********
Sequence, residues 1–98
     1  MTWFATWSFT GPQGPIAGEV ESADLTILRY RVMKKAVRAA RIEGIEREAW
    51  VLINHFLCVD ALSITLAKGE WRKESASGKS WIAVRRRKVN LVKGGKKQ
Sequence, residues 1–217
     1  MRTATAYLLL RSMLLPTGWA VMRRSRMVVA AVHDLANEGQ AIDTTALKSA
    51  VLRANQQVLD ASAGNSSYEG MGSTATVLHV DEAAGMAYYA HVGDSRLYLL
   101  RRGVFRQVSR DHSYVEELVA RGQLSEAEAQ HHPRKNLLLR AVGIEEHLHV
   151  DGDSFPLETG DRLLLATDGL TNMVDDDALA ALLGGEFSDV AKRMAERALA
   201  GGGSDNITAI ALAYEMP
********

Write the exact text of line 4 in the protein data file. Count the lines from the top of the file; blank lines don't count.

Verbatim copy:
Sequence, residues 1–217